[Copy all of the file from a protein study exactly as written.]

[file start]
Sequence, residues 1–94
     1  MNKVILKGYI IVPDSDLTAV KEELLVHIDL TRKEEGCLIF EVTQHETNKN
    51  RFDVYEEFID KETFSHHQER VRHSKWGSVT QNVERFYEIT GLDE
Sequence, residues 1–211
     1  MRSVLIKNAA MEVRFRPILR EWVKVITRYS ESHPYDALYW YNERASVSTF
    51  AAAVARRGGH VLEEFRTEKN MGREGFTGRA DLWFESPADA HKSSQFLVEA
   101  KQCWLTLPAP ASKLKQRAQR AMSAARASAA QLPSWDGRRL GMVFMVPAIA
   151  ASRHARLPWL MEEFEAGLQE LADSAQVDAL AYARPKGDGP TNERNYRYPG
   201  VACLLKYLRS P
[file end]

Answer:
Sequence, residues 1–94
     1  MNKVILKGYI IVPDSDLTAV KEELLVHIDL TRKEEGCLIF EVTQHETNKN
    51  RFDVYEEFID KETFSHHQER VRHSKWGSVT QNVERFYEIT GLDE
Sequence, residues 1–211
     1  MRSVLIKNAA MEVRFRPILR EWVKVITRYS ESHPYDALYW YNERASVSTF
    51  AAAVARRGGH VLEEFRTEKN MGREGFTGRA DLWFESPADA HKSSQFLVEA
   101  KQCWLTLPAP ASKLKQRAQR AMSAARASAA QLPSWDGRRL GMVFMVPAIA
   151  ASRHARLPWL MEEFEAGLQE LADSAQVDAL AYARPKGDGP TNERNYRYPG
   201  VACLLKYLRS P